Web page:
1. I’m noticing a really intestine shift in your thinking, or at least in what you’re choosing to write: from historical/contextual towards the formal and aesthetic! Am I right? You seem more interested here in Brusati’s framework than Spencer’s and you seem to find yourself defending the purely aesthetic purposes Vermeer and others were up to–involving the viewer in the action of viewing! This would be art at its purest form, right–regardless of context of the viewer or the artist? I’m intrigued. Also: I’m so glad you chose this as your example here, in that after spending two days at Universal Studios Hollywood experiencing all manner of super-cool 3D effects on their immersive “rides” (Harry Potter, Simpsons, Transformers, Minions, and even on the main studio lot tour) I was immediately struck here at a really compellingly artificial sense of perspective that really dramatizes the church’s architecture and frankly gave me a little bit of that vertigo I felt “playing” virtual Quidditch at Universal. I can’t speak to what is technically going on here, but the perspective seems somewhat forced to me, exaggerating the distances between arches, maybe? The deep shadows to the left and right, highlighted by bright light streaming in to illuminate the complex structure further amplifies this feeling of movement, or that my eyes are seeing beyond what they normally could do in real life. You’re absolutely right that van Dalem is packing in more space than he has space for here–both in depth and in the gesture towards breadth and what is beyond the frame. It’s like he has created actual space where there was none before. I literally felt it looking at this for the first time.

    As far as your essay, perhaps it might be worth pursuing your seeming (maybe I’m wrong?) shift in interest from historical to aesthetic/formal? A little first person narrative helping us understand how you value each might, in this case, help your essay along (but don’t do it if it doesn’t feel right to you or if it doesn’t help you do your analysis).

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    1. It’s funny you made this suggestion because that is exactly what my essay is about. I tried incorporate a very small amount of historical analysis with formal (theatrical) analysis. I’ll be posting the final version shortly.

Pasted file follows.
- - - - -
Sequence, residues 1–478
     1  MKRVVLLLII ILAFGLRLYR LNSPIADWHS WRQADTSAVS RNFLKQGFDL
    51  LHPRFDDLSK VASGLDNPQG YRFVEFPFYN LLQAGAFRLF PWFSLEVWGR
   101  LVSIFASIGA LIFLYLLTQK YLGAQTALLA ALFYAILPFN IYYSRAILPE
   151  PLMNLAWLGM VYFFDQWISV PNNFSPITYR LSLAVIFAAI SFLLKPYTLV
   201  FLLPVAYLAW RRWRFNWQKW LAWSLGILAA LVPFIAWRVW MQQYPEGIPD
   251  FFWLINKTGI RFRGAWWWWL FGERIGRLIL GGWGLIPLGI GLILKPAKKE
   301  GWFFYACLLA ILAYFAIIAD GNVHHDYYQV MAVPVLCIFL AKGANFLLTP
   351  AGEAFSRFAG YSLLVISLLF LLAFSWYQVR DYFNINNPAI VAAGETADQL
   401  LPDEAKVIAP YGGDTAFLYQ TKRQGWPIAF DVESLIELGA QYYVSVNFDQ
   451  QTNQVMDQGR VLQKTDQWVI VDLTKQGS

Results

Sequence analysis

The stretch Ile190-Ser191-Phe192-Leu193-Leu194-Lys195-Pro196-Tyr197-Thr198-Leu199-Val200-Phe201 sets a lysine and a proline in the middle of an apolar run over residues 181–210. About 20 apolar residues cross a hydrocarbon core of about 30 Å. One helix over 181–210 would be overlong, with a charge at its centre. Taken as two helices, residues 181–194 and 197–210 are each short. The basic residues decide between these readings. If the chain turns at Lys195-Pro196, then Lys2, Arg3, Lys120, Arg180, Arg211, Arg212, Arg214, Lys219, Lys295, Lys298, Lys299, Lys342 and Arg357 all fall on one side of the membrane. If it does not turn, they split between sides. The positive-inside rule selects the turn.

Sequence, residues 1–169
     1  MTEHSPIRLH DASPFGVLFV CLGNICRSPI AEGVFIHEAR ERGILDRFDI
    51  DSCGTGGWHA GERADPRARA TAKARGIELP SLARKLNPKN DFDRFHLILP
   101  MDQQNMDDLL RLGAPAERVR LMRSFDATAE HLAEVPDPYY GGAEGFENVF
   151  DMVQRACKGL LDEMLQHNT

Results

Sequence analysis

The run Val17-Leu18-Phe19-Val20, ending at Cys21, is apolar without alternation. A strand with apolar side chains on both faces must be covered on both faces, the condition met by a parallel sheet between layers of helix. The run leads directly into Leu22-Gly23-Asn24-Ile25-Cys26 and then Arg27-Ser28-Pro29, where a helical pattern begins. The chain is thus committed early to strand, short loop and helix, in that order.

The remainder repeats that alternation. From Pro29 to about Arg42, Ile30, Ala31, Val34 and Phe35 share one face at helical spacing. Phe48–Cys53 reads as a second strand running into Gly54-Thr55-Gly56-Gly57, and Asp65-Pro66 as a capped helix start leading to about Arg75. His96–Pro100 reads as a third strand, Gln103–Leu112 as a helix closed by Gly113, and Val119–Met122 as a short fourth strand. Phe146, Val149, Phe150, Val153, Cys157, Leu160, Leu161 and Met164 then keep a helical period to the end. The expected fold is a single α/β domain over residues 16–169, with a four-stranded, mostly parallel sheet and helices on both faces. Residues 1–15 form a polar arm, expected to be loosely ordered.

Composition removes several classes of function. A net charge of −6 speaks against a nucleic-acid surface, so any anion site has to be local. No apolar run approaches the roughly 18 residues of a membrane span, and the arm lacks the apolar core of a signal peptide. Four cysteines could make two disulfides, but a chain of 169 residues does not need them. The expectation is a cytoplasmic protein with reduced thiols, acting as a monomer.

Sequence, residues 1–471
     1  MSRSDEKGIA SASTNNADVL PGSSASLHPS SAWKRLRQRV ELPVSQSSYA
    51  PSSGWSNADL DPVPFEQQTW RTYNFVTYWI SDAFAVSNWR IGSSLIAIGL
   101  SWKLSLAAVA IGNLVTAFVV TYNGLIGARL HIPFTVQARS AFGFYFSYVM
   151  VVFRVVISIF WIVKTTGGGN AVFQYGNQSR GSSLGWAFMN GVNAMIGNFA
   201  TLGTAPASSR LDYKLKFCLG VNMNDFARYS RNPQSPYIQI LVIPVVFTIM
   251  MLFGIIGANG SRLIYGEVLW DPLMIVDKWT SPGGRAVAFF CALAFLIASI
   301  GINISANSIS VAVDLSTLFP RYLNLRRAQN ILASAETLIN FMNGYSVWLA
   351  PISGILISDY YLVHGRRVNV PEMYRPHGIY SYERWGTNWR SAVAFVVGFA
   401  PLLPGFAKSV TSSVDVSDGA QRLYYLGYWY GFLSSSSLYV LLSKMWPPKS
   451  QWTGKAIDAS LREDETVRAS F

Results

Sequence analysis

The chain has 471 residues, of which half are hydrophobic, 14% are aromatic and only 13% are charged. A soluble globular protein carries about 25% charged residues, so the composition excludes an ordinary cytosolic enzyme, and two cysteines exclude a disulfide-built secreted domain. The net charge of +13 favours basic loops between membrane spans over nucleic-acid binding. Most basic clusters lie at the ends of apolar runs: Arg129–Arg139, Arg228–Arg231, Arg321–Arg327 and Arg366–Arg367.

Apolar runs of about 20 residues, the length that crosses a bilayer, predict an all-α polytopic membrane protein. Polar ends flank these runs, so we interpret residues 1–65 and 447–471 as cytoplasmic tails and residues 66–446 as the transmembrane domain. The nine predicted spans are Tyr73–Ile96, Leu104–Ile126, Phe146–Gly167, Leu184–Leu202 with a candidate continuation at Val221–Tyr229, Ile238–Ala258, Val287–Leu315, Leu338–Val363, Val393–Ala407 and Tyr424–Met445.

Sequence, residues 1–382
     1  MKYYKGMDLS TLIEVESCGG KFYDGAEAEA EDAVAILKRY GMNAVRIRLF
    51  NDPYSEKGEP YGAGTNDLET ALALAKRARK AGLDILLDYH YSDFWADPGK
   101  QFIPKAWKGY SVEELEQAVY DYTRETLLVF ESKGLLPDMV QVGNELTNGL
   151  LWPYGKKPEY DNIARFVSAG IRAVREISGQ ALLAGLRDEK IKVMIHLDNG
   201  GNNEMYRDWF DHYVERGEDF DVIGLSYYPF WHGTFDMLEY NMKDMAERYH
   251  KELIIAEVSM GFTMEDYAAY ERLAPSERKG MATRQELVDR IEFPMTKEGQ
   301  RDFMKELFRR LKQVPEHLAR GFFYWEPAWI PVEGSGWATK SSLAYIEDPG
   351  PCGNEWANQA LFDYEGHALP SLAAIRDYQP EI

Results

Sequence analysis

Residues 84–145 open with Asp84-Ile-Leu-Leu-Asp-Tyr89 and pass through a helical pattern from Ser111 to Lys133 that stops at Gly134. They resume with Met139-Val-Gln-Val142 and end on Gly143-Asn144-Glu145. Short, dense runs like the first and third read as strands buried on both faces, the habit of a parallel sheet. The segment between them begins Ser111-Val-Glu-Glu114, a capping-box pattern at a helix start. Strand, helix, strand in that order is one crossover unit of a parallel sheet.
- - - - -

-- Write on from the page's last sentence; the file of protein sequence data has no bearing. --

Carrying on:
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  2. Hi Aidan! Spencer’s connection of these pieces to the Monarchy and other power structures like the church was something that also stood out to me. I thought it was a totally different way to look at how art could be used, for politics or propaganda or even diplomacy!

    From reading some of your other posts, it sounds like you’re really interested in the bigger political and economic stories happening around the art we’ve been studying. Those out of the (perspective) box uses of art could be something you might explore in Essay #1!

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  3. Hi Aidan! I think I commented on this earlier and the post got deleted or never actually posted. Nevertheless, I really appreciate how you draw attention to the dog staring at the viewer in the right hand corner. I think it does pull the picture together and make the viewer feel as though they were part of the action. I’m also interested in the subject of this painting, that Christ is preaching, and how that would have been received in the Netherlands during the seventeenth century. I think you present a great analysis of the use of light and perspective in this painting. I am wondering if you this the scale of the building is meant to accentuate the architecture or to draw the viewers focus to the center of the painting – the subject – Christ preaching?